It's clear by its name that the Giant Waxy Tree Frog is a larger member of the tree frog family, however this active frog spends quite a bit of time on the ground hunting for food.
This frog has a slim body with a rounded snout, slender legs with toes and fingers having small adhesive discs for climbing when necessary. The frog is less than two inches long. It has no teeth.
Its color, bright blue with black dots on its back and a light blue stomach, alerts potential predators that its skin holds a poisonous liquid which is unpleasant to the taste. The alkaloid poisons are capable of paralyzing and even killing predators.
They have four toes per foot, each with a wide, flattened tip and a suction cup pad to help grip. Males and females appear quite similar.
The Zoo is protecting amphibians in partnership with Amphibian Ark.
Many Amazonian people refer to this frog as 'sapo mono' which translates to monkey frog.
These frogs are active during the day, foraging in the leaf litter for their food. They move in short hops and are rarely still for more than a few moments. These frogs are solitary except for fighting and breeding. They are territorial, and will dispute their territory by have “wrestling matches.”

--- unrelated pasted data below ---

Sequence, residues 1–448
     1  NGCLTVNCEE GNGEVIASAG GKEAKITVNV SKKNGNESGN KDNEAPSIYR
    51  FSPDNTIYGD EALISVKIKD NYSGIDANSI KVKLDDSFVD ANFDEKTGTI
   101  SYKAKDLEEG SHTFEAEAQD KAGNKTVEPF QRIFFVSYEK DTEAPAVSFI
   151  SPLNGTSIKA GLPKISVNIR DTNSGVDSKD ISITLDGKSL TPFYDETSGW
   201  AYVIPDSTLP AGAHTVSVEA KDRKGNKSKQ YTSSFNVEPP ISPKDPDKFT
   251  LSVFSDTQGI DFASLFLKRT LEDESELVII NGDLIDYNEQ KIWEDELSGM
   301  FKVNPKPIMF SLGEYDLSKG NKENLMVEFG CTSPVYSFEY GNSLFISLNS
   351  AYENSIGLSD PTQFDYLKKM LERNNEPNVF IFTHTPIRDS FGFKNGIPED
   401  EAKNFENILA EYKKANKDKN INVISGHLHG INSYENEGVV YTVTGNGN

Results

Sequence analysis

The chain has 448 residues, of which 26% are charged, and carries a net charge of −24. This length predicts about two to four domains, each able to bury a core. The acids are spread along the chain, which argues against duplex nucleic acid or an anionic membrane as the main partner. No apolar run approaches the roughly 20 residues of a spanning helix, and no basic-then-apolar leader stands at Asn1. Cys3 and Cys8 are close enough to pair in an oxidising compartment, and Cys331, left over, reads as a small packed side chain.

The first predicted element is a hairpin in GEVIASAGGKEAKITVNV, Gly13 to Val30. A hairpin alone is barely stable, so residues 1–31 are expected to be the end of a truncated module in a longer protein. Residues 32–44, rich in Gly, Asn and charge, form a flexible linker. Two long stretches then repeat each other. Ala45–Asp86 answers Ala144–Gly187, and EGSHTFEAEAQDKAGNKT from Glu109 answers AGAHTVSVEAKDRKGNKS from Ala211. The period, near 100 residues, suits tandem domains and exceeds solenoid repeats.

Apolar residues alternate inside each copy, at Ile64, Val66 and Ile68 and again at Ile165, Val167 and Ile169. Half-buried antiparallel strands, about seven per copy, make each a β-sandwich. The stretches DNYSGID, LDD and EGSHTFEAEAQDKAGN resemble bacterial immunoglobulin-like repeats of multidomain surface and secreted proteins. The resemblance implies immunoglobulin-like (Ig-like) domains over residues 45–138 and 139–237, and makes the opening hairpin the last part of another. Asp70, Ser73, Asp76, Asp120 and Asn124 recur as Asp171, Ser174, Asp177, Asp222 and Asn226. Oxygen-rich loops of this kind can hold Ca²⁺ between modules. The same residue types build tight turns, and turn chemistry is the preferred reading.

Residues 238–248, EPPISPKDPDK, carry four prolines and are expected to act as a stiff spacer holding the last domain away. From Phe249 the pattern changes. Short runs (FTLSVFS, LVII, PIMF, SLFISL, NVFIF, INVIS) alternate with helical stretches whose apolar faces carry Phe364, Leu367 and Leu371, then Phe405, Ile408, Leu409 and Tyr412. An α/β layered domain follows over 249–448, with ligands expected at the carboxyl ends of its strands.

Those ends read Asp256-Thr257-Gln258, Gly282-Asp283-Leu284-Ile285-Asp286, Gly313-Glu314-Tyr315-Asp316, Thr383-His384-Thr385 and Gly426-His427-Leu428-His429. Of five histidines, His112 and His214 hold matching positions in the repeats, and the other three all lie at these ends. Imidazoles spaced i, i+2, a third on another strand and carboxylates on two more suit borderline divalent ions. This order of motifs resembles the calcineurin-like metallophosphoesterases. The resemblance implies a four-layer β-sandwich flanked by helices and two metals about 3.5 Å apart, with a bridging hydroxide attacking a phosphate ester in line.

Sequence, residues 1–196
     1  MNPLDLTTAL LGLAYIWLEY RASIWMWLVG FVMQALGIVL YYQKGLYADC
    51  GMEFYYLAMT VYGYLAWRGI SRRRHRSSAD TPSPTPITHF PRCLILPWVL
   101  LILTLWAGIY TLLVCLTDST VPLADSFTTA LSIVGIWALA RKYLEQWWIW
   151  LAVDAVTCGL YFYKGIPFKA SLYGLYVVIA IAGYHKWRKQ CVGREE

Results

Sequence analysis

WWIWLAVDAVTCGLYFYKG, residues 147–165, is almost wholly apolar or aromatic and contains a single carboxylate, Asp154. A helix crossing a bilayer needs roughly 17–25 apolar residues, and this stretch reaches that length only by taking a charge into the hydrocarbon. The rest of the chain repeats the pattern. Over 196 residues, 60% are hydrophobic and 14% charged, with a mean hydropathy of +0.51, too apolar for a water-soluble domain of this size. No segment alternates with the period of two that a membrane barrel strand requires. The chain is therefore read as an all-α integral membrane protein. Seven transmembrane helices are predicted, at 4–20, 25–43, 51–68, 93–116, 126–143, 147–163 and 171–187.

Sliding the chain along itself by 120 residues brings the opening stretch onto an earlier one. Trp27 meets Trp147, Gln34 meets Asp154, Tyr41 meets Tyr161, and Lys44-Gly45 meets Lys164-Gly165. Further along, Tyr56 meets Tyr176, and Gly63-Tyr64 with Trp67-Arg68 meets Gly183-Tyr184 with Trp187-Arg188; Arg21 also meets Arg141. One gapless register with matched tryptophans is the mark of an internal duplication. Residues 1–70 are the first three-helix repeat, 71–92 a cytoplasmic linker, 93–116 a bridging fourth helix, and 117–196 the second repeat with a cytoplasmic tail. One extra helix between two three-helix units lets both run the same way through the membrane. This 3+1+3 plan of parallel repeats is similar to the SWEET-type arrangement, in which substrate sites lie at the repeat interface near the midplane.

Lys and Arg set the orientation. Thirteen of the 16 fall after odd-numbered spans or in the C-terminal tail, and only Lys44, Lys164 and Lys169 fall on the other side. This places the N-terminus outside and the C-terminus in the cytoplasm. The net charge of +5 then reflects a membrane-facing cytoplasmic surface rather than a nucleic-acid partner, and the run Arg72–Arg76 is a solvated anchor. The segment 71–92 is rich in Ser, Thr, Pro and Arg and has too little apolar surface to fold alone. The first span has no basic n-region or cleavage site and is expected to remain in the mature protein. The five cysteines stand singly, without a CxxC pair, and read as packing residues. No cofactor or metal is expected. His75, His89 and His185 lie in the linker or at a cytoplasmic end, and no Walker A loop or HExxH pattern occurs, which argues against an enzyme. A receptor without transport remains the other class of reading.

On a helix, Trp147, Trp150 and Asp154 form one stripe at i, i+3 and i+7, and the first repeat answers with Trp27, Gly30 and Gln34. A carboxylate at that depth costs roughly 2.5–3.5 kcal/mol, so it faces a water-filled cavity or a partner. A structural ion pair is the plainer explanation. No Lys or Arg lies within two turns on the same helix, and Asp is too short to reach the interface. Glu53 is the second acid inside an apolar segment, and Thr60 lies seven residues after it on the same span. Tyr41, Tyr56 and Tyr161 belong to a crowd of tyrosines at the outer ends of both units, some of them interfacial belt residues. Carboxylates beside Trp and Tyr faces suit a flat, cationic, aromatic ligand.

Mating is done during the rainy season by amplexus in which the male clasps the female while she lays her four to six eggs. He fertilizes these immediately after they are expelled before the jelly that surrounds them swells. All eggs are laid on the ground and are guarded by the parents until they become larvae. The male then attaches the larvae to his back by a mucous secretion and carries them to a small pool of water. Here they develop into tadpoles and eventually into frogs through metamorphosis. (Females have been observed fighting aggressively over males, the winner then begins the courtship.)